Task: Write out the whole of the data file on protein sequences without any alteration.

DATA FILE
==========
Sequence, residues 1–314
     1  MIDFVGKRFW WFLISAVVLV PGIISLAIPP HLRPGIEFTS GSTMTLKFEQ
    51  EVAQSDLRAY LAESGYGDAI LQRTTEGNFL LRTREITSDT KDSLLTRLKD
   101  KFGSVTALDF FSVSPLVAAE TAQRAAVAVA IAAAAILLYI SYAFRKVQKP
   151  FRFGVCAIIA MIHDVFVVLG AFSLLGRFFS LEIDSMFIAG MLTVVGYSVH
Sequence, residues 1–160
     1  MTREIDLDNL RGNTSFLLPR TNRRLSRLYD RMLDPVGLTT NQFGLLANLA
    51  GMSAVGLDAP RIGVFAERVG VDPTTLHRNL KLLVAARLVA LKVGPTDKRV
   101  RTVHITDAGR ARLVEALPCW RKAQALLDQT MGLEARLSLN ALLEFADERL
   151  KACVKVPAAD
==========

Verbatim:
Sequence, residues 1–314
     1  MIDFVGKRFW WFLISAVVLV PGIISLAIPP HLRPGIEFTS GSTMTLKFEQ
    51  EVAQSDLRAY LAESGYGDAI LQRTTEGNFL LRTREITSDT KDSLLTRLKD
   101  KFGSVTALDF FSVSPLVAAE TAQRAAVAVA IAAAAILLYI SYAFRKVQKP
   151  FRFGVCAIIA MIHDVFVVLG AFSLLGRFFS LEIDSMFIAG MLTVVGYSVH
Sequence, residues 1–160
     1  MTREIDLDNL RGNTSFLLPR TNRRLSRLYD RMLDPVGLTT NQFGLLANLA
    51  GMSAVGLDAP RIGVFAERVG VDPTTLHRNL KLLVAARLVA LKVGPTDKRV
   101  RTVHITDAGR ARLVEALPCW RKAQALLDQT MGLEARLSLN ALLEFADERL
   151  KACVKVPAAD